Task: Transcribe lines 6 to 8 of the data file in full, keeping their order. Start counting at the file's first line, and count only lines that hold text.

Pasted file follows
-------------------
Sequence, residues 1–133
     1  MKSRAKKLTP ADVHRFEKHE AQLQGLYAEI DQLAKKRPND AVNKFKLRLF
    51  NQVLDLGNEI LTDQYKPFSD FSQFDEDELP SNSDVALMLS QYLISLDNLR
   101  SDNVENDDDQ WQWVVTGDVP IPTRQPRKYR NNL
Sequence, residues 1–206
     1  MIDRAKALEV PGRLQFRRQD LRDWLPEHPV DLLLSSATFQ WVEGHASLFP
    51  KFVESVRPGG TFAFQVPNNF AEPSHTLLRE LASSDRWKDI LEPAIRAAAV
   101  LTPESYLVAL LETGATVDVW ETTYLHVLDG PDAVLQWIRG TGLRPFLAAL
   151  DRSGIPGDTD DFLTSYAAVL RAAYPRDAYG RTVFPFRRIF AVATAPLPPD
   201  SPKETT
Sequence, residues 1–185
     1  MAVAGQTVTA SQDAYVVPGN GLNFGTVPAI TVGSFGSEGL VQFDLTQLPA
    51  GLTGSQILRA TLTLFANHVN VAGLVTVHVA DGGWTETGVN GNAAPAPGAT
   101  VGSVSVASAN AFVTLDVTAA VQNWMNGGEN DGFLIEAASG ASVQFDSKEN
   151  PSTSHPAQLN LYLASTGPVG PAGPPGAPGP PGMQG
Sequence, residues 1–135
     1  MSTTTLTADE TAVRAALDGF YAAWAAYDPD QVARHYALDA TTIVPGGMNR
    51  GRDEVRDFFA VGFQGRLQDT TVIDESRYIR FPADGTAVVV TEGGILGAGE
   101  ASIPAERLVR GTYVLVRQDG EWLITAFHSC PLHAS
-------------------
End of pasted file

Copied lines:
     1  MIDRAKALEV PGRLQFRRQD LRDWLPEHPV DLLLSSATFQ WVEGHASLFP
    51  KFVESVRPGG TFAFQVPNNF AEPSHTLLRE LASSDRWKDI LEPAIRAAAV
   101  LTPESYLVAL LETGATVDVW ETTYLHVLDG PDAVLQWIRG TGLRPFLAAL